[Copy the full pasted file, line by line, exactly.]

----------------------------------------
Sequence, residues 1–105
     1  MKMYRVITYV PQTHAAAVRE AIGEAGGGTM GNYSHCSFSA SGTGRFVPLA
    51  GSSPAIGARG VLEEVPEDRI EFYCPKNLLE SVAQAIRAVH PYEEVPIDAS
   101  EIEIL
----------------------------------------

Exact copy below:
Sequence, residues 1–105
     1  MKMYRVITYV PQTHAAAVRE AIGEAGGGTM GNYSHCSFSA SGTGRFVPLA
    51  GSSPAIGARG VLEEVPEDRI EFYCPKNLLE SVAQAIRAVH PYEEVPIDAS
   101  EIEIL